A Clinically Relevant Mouse Model of Canine Osteosarcoma with Spontaneous Metastasis


Beth K. Chaffee and Matthew J. Allen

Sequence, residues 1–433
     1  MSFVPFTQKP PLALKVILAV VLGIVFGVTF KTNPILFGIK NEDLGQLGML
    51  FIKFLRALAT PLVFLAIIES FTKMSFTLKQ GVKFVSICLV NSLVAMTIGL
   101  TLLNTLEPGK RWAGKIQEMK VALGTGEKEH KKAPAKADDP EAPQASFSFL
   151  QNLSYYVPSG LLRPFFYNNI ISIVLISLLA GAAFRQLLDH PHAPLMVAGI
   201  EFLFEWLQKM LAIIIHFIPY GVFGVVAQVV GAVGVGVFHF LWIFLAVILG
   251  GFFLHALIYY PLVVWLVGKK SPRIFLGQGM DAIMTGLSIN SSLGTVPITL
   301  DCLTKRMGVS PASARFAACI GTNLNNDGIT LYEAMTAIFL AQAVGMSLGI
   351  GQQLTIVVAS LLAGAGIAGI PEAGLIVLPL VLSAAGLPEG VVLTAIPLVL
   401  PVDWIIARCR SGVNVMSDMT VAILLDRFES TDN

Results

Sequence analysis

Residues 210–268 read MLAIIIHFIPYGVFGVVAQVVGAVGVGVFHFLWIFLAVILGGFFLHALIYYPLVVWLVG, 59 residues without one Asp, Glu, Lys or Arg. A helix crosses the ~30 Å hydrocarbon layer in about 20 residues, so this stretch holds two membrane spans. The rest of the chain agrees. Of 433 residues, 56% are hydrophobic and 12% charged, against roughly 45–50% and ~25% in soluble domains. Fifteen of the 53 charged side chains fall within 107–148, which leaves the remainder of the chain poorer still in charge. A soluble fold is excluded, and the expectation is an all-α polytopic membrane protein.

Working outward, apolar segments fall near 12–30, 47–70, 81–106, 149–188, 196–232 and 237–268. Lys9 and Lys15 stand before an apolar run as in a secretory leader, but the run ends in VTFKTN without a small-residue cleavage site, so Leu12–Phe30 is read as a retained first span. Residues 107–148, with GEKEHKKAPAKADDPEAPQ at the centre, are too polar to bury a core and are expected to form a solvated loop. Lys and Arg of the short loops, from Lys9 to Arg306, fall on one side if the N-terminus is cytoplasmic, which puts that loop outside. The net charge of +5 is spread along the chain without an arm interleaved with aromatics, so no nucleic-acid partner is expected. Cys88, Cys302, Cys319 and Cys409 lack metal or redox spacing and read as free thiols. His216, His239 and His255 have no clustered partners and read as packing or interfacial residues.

Background/Aim: Many patients with osteosarcoma (OS) will succumb to distant metastasis, often involving the lungs. Effective therapies for treating lung metastases depend on the availability of a clinically relevant pre-clinical model. Materials and Methods: Mice were surgically implanted with OS tumor fragments. The time course of primary tumor growth and subsequent spread to the lung were determined. Results: Following development of a lytic and proliferative primary bone lesion, tumor metastasized to the lung in the majority of mice. There was no evidence of tumor at three weeks, but 10 out of 11 mice ultimately developed secondary OS in the lung within 12 weeks. Conclusion: Implantation of OS tumor fragments leads to the development of primary bone tumors and secondary lung metastases, recapitulating the clinical behavior of OS. This model offers an advantage over cell suspension injection models by precluding initial seeding of the lung with tumor cells.

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